Great leaders demand three things from their teams.
3. That they work in your strengths
Leaders who fail to demand all three of those will never rise past mediocrity. Let’s explore each one in-depth so that you, too, can become a great leader.
Great leaders demand accountability, pushback, & that their teams work in their strengths. (Tweet That) | Share this Graphic on Pinterest | Share on Facebook
I remember clearly when I realized I was in over my head. I was 27 years old, leading a team of nearly 15 people and I was failing miserably.
“You make me so mad.”
Have you ever said something like that? Of course you have. So have I. At one point in time (or in my case approximately 108,283 times) we’ve all said those words.
Here’s a translation of that phrase you might not like: “You control me.”
Letting someone else “make” you mad lets that person control you. You give away your power to choose your actions. (Tweet That) | Share this Graphic on Pinterest | Share on Facebook
When you let what someone else does or says “make” you mad, you let that person control you. You give away your power to choose your actions.
You give up your right not to be offended. You give up your right not to get angry. You give up your right to be at peace, to be happy, and to focus on your calling.
The DISC assessment is an invaluable tool that has helped millions of people communicate better.
But you must use it with caution.
Below I list 3 ways to use DISC profiles and three giant mistakes to avoid…all of which I have made myself.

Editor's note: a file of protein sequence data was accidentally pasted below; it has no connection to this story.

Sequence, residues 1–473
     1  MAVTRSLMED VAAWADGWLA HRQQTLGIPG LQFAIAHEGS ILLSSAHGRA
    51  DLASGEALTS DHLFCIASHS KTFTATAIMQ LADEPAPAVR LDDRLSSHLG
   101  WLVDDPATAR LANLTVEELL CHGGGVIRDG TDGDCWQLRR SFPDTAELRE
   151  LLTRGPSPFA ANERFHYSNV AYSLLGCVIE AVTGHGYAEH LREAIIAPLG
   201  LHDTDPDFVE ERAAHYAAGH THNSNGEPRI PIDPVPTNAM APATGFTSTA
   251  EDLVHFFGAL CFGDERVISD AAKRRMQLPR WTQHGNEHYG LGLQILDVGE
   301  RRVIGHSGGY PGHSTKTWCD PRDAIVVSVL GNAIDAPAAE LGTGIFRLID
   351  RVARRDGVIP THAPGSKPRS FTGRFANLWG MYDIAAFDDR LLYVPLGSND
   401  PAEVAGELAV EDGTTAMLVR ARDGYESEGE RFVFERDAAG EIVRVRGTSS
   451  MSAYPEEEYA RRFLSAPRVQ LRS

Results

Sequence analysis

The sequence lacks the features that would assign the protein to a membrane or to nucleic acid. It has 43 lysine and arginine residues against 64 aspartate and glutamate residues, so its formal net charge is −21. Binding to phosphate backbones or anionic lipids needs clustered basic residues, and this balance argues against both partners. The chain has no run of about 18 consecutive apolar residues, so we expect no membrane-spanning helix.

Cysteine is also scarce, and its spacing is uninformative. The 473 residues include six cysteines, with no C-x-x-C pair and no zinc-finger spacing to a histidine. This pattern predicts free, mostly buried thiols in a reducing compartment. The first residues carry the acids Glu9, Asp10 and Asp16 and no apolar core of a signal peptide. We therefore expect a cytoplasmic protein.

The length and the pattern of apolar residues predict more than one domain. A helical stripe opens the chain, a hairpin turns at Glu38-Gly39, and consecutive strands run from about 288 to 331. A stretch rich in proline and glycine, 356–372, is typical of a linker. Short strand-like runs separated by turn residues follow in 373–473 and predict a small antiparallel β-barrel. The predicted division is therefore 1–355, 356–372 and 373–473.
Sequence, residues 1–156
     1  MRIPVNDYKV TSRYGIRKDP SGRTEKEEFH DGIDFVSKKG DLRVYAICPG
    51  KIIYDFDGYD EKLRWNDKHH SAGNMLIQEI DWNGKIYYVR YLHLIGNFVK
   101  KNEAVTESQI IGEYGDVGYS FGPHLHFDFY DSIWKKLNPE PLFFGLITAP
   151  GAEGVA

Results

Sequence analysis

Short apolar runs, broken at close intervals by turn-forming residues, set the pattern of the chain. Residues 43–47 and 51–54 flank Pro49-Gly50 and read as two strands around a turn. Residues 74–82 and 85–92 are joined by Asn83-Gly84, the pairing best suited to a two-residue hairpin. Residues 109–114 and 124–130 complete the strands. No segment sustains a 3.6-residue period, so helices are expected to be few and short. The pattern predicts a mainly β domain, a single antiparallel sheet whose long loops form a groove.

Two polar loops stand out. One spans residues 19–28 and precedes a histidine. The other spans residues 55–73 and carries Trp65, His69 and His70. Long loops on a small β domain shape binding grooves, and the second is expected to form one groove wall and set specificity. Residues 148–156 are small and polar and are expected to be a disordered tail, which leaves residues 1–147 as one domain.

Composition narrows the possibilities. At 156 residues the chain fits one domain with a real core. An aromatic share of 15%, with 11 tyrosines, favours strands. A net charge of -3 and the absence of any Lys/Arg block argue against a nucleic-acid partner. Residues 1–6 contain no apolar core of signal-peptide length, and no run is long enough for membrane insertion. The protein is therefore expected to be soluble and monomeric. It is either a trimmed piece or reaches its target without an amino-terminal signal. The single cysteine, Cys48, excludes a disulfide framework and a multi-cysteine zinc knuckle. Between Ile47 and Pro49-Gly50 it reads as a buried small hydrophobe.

The DISC assessment is an invaluable tool to improve communication on and off the job. (Tweet That) | Share this Graphic on Pinterest | Share on Facebook
NOTE: That’s my DISC profile above. It hasn’t changed much in the past ten years. I’ll share the giant mistake I made from those results shortly. If you’ve ever wondered how to communicate with a High D, particularly in conflict, check out Conflict and the High D.
Here are 3 ways to use DISC profiles:
1. Learning how to communicate with others.
How do you handle disagreements or conflict with a High D?
This is the first part of what will be a multi-part series on communicating with the four different types in the DISC profile. Over the next few years, I will periodically cover how to handle conflict/disagreements, how to encourage, how to delegate to, how to report to, and how to do much more with each of the four groups.
I recently got an email from a friend, whom we will call Joe, which read:
I would like your advice.
We had a meeting to make sure everyone was on the same page with our new payroll process. Just my boss, his wife, and me. I had everything prepared for them in such a way they were both really happy. Problem for me: at one point my boss says, “we need to not make careless mistakes. Like putting vacation in sick, that was a careless mistake. We need to not be careless.” I couldn’t really respond because their three kids came in at that moment. I know my mistake was human error. Calling it careless says to me I didn’t care enough. But I did care! My husband thinks I need to send my boss an email. But I want to make sure I’m interpreting things correctly, with the whole D spin
I have other examples when he indicates something negative about me because of what I’ve done, not done, etc. And the times I’ve tried to explain the “why” behind what I’ve done he either looks at me blankly, gives a half smile, or just reiterates his original opinion. Please help, oh great D!